Thursday, 13 October 2011

Faith Schools

I recently wrote about a rather peculiar aspect of British Politics, that certain Bishops are given a seat by right in the House of Lords where they can vote for and against legislation that has passed through the House of Commons. Today I talk about another aspect of the British system: Faith schools.

Faith Schools are schools of a 'religious character'. About 20% of all high schools have such a religious character and nearly 40% of primary schools have a religious character. Faith schools are not like Lords Spiritual - they make up a large amount of the educational system of Britain. The question is, is having these schools justified. Is it even sane?

Richard Dawkins has tried to raise our conscience regarding telling children what religious faith they are, and faith schools may serve to reinforce the notion that the children are of a particular faith. Dawkins has produced a documentary called "Faith School Menace?" in which he sets out his problems with Faith Schools. It contains an infamous scene where he speaks to pupils and teachers at a Muslim school and exposes their ignorance of the theory of evolution and the obvious indoctrination that takes place there.
Richard Dawkins Visits a Muslim School by blindwatcher

The schools are allowed to teach their own religion syllabus which is not subject to Ofsted inspection. While some schools may teach other faiths, and even about secular moral stances such as humanism, there is no obligation to do so and so there are plenty that don't and instead just teach the dogmas of the particular religion that sponsors the school. This seems to me to be a great way of shielding young children from challenging viewpoints - not giving them a fair opportunity to make up their own mind. Which religion, if any, that is correct is a genuine controversy to be taught, and many faith schools don't teach that controversy. Furthermore, in classes which are designed to discuss ethics and social issues, faith schools tend to teach these issues from the perspective of the faith behind the school.

As a way to further shield pupils from dissenting views, the schools can even hire people based on their religion. This means they can refuse to hire someone based on their religion, or lack thereof!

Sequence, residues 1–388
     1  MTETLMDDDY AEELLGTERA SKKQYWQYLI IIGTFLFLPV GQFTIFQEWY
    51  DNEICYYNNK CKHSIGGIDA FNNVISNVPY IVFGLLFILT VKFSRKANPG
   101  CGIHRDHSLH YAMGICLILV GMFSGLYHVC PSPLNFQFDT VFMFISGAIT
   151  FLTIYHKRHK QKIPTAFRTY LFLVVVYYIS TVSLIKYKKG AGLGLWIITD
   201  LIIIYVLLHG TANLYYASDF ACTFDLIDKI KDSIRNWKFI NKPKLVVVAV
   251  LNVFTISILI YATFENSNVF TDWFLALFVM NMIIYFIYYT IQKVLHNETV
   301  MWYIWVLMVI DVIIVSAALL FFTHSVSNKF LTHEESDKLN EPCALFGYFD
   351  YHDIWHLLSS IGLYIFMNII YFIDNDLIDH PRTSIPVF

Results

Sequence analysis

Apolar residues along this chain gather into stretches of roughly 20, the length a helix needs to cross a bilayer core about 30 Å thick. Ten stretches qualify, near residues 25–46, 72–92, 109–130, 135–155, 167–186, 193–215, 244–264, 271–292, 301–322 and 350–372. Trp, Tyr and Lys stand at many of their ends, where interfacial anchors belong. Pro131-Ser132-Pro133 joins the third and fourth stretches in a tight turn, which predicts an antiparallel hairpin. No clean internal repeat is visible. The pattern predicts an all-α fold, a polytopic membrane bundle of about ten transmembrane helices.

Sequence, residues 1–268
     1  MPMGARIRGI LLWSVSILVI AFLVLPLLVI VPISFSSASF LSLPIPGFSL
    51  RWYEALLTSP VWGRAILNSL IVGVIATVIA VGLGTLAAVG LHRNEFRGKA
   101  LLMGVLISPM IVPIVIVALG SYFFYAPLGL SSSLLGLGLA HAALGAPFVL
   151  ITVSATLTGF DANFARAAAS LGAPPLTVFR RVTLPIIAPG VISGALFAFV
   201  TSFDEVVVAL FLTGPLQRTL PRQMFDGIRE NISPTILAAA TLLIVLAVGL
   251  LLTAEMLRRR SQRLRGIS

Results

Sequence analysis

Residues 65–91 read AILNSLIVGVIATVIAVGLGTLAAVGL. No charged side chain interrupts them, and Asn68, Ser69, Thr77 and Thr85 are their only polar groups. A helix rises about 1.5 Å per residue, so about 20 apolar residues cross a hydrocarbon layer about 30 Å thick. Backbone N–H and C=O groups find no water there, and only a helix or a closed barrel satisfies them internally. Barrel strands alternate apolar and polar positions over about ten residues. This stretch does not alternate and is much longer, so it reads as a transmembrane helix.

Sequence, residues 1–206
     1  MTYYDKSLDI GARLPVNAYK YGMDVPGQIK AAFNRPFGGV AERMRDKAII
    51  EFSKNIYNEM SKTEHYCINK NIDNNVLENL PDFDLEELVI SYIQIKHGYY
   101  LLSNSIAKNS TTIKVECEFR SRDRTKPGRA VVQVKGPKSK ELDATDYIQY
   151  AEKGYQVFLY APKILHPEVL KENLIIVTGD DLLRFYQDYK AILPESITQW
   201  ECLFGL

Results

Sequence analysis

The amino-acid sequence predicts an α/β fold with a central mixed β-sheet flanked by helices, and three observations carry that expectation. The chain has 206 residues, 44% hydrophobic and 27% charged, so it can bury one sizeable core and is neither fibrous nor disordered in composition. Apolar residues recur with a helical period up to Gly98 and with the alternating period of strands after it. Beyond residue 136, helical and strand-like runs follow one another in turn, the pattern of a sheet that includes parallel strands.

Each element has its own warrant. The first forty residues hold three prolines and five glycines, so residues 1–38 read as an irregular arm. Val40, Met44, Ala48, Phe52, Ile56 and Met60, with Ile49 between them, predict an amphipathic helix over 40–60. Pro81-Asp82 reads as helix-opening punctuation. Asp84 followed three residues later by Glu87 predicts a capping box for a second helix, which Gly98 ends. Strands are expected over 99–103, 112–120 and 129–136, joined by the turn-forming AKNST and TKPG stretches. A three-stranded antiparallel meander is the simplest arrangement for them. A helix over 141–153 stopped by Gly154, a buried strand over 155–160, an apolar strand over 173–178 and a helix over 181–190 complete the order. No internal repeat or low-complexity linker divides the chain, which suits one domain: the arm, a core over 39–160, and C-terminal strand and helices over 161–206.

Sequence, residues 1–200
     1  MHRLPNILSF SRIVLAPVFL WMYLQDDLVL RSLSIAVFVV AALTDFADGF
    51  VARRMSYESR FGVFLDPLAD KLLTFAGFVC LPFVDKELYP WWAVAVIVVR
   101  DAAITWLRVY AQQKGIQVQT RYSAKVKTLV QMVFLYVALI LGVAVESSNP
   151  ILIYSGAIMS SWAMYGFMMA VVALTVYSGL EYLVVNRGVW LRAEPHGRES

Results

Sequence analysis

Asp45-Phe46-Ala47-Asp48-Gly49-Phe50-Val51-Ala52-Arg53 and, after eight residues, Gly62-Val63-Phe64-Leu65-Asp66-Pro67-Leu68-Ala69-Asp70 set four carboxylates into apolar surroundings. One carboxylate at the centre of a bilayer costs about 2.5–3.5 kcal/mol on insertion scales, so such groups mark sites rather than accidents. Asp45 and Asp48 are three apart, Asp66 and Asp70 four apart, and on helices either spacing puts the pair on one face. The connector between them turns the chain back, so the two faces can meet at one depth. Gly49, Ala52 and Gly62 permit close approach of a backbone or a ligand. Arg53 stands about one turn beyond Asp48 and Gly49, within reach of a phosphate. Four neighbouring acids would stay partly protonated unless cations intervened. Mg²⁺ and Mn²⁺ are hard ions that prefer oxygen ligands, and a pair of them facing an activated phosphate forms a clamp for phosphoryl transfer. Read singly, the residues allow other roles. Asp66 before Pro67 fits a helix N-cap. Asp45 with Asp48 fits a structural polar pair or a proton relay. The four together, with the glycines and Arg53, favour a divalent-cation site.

In short, there are potentially bad consequences of faith schools. They can serve as propaganda machines for a given faith, and instead of controls and balances put into practice to defend children from this propaganda, the faith schools are given legal passes to avoid scrutiny in this regard. I'd like to be able to trust them to adhere to the curriculum, but I know there will always be those that don't. And without any inspections, they are given free access to some of the most vulnerable minds in our society.

Not only that, but they are inherently discriminatory and biased. They discriminate on the religious views (or lack thereof) of both the pupils that can be taught there and the teachers that can work there. Their selectionism means they can pick the children who are more likely to do well in education (but saying it is on grounds of religious views, and even doing it unconsciously) to bias their results versus the average as a means to persuade us they produce better educated children.

All of this might possibly, maybe, be forgiven if they were private institutions. But they are mostly funded by taxpayers, and I don't think we should be paying to have children given less than the best information about each other and their religions. As it stands, a sound majority of the British public are against making new faith schools, 64% going as far as to agree with the statement, "the government should not be funding faith schools of any kind"

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